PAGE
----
As medical science looks for new ways to conquer tough-to-treat health problems like Clostridium difficile (C. diff), fecal transplants — the transferal of gut flora from healthy donors to sick patients via tubes or pills — are attracting more attention than ever.

Due to the growing amounts of successful research, the FDA has been pushed to regulate fecal transplants as experimental drugs, yet continues to struggle on how to do so.

A recent case study published in Open Forum Infectious Diseases illustrates the conundrum the FDA and patients face when deciding if the “cure” is really worth the true price.

Unintended Consequences

This study could be defined as a case of unintended consequences, a term coined by American sociologist Robert K. Merton. Unintended consequences defines unexpected outcomes — benefits, drawbacks or perverse results — that occur from a purposeful action.

One such case was a 32-year-old woman who was successfully treated for a recurring C. diff infection with a fecal transplant from an overweight donor (her teenage daughter) in 2011. She then gained 20 percent of her body weight (34 pounds) over the following 16 months, jumping to 170 pounds.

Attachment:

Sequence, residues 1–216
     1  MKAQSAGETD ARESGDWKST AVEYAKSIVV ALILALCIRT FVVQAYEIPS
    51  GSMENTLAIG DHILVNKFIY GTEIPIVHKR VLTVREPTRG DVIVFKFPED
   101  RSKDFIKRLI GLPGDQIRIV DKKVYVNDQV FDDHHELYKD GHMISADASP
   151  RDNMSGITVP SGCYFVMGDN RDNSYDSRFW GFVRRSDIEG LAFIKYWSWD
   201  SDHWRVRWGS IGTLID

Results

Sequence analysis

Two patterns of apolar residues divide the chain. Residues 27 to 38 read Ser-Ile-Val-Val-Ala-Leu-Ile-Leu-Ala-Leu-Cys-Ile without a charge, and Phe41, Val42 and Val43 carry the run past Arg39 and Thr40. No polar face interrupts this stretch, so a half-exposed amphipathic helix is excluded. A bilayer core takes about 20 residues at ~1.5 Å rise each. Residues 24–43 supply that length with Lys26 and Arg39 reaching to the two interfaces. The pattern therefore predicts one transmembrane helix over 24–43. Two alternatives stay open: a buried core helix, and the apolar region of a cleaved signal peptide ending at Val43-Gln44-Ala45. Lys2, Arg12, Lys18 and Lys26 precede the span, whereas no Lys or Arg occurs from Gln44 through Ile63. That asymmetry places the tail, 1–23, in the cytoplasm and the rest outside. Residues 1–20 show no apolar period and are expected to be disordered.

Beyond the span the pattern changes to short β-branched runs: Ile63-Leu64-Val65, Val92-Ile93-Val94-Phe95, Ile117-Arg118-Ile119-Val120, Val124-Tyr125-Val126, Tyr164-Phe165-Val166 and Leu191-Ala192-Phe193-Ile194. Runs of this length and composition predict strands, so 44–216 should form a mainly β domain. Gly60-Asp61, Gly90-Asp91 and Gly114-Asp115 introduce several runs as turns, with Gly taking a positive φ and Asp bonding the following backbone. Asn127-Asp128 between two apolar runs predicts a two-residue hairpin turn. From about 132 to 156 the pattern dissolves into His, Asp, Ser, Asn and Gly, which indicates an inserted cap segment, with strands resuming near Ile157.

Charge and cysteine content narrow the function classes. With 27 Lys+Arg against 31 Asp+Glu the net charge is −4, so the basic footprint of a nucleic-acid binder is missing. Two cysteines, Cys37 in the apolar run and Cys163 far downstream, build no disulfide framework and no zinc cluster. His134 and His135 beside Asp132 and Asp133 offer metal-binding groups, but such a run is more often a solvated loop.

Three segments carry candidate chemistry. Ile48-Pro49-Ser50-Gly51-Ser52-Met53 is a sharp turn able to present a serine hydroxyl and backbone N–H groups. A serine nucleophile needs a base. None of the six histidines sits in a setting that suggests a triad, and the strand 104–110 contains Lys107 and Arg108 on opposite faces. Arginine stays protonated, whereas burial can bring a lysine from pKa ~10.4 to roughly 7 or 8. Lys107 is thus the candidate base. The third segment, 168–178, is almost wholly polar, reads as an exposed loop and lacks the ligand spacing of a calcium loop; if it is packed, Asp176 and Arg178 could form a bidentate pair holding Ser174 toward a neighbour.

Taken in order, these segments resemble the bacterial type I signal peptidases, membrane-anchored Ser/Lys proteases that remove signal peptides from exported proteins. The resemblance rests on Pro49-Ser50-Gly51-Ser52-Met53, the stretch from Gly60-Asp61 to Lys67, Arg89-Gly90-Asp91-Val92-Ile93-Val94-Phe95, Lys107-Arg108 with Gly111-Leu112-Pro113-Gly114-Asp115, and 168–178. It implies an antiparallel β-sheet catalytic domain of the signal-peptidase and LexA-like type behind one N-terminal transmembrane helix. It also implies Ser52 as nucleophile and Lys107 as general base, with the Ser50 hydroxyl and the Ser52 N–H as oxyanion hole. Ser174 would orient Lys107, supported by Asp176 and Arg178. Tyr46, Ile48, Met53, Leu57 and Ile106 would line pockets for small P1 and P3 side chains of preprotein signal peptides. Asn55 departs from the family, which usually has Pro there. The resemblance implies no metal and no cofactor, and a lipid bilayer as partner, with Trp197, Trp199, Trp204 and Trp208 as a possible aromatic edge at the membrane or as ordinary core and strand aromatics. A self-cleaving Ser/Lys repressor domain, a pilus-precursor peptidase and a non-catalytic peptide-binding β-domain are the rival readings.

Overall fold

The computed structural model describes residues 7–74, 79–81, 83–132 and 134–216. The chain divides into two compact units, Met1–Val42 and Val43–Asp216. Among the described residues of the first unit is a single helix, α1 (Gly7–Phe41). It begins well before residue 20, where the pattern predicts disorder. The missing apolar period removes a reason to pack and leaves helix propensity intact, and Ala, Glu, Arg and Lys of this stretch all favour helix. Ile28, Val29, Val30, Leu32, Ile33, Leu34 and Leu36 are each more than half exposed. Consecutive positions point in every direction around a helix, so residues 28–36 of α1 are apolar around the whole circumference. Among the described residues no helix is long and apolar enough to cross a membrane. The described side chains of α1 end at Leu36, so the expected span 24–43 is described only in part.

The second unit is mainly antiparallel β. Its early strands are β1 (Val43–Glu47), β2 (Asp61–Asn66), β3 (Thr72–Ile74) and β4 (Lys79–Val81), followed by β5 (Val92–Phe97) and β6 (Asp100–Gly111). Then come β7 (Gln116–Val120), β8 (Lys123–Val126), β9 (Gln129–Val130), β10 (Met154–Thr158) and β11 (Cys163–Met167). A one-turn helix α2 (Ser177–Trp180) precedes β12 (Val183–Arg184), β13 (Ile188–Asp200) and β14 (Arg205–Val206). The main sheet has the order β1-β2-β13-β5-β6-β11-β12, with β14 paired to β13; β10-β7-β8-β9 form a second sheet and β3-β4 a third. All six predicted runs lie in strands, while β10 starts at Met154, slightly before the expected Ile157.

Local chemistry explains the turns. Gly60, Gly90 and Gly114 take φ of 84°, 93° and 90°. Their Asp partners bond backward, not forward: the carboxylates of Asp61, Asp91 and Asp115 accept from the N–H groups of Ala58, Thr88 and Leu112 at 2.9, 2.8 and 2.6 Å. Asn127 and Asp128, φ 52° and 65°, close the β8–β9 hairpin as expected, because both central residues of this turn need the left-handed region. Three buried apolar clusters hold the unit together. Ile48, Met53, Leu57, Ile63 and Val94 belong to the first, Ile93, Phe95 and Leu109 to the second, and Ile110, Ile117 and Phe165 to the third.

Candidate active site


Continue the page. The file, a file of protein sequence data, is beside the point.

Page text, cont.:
Unfortunately, despite a medically supervised exercise program and liquid protein diet, the woman, who had never been overweight before the fecal transplant, has gained 7 more pounds since then and remains obese today.

“We’re questioning whether there was something in the fecal transplant, and whether some of those ‘good’ bacteria we transferred may have had an impact on her metabolism in a negative way,” said Dr. Colleen R. Kelly of the Warren Alpert Medical School of Brown University via a press release. The case report was a joint effort with Dr. Neha Alang, of Newport Hospital in Rhode Island.

The unintended consequences of sharing bad traits thanks to fecal transplants is supported in other published studies, in which fecal samples transferred from obese mice to those of a normal weight may lead to a marked increase in fat. This explains why scientists urge patients to find fecal transplant donors who aren’t obese.

What’s more, scientists speculate the fecal transplant may not be the sole reason why the woman became obese, citing several antibiotics prescribed to treat H. pylori, illness-related stress, aging, genetic factors and the resolution of her C. diff infection as other contributing factors.

One way to have counteracted those side effects: Her doctor should have prescribed a probiotic, such as EndoMune Advanced Probiotic, that would have helped her treat the H. Pylori to protect her overall gut health.

Do you really need an oral fecal transplant for a C. diff infection?

There’s no denying fecal transplants — the transferring of gut flora from a healthy donor to sick patients — can be helpful in treating Clostridium difficile (C. diff) infections that contribute to diseases from colitis to diarrhea.